There is quite a bit of speculation as to why a camera’s system can be off, but it is assumed slight variances in manufacturing tolerance of its many parts can, in sum, put your camera consistently out of perfect focus.

Quick Steps for TTP Align Ruler MFA

My TTP Align Ruler is a free alternative to commercial products for sale such as LensAlign and SypderLensCal.  These tools are really cool, but why pay for something when you can do it for free?  Just follow my instructions below and you will save money and have have your lens focusing perfectly:

  1. Download and print (set printer to fine) the TTP Align Ruler target here: DOWNLOAD
  2. Ensure bright, good light to get a fast shutter (do not use fluorescent lights as they flicker)
  3. Set up your camera
    1. Av – aperture priority
    2. Widest aperture – lowest f/stop number for shallow depth of field
    3. Turn on image stabilization
    4. ISO, 800 – this will get a fast shutter speed (if your pic is too grainy, drop this down)
    5. Do not use live view, use your eye piece
    6. Do not use a flash, you need good light for your system to operate properly
    7. Select center focus point only – this is very important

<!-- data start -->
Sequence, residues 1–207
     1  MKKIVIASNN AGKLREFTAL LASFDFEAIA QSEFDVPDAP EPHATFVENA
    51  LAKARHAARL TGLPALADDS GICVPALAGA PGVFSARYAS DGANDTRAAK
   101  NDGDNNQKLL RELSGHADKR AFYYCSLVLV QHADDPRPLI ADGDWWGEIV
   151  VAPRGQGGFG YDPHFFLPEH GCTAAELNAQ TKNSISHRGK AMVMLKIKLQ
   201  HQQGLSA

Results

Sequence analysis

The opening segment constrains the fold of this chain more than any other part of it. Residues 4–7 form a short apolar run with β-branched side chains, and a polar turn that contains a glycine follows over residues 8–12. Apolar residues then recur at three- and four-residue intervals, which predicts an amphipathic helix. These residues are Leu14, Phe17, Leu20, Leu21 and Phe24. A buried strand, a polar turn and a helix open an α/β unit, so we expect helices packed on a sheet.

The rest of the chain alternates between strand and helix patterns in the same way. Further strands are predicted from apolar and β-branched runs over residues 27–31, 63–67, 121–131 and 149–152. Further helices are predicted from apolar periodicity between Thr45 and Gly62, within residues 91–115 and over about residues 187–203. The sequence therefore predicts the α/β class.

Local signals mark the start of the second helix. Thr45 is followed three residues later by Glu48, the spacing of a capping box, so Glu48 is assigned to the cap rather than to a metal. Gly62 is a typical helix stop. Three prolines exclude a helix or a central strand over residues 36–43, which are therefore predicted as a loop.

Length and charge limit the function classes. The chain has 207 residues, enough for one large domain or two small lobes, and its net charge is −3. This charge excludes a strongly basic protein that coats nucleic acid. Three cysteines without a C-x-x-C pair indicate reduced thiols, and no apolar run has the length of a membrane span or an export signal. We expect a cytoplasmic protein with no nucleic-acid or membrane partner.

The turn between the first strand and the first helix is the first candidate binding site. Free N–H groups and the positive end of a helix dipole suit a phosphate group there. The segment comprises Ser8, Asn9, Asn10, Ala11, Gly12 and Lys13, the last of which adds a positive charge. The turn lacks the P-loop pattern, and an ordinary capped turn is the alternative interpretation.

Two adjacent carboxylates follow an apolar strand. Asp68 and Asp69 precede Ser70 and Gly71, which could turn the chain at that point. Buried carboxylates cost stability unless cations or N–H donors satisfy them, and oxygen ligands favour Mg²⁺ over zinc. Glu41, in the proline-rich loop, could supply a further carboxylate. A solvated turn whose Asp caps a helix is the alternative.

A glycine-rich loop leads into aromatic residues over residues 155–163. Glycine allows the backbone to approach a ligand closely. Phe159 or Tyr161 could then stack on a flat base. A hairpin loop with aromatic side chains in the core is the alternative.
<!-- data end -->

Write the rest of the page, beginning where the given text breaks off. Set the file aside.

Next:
4. Mount your camera (put it on a tripod) and adjust the height for about two feet above the floor
  5. Tether your camera to your computer – this is not required but makes transfer of pictures immediate and speeds measurement (you can use LightRoom or Canon’s free EOS Utility)
  6. Place the target flat on the floor about four to five feet in front of your camera (read more on distances below)
  7. Level the camera and align the target square in view
  8. Aim the center focus point to the middle focus line (temporarily zoom in to center the focus point to the line)
  9. Choose a mid-zoom length
  10. Defocus your lens either way
  11. Focus once and snap picture
  12. View photo on computer, zoom into ruler and examine for focus accuracy
  13. Adjust MFA in camera by three or four increments
  14. Reshoot and adjust by two or three increments
  15. Repeat a few more times and take average accurate setting
  16. Done
  17. Drink Pilsner Urquell beer

Tips and Issues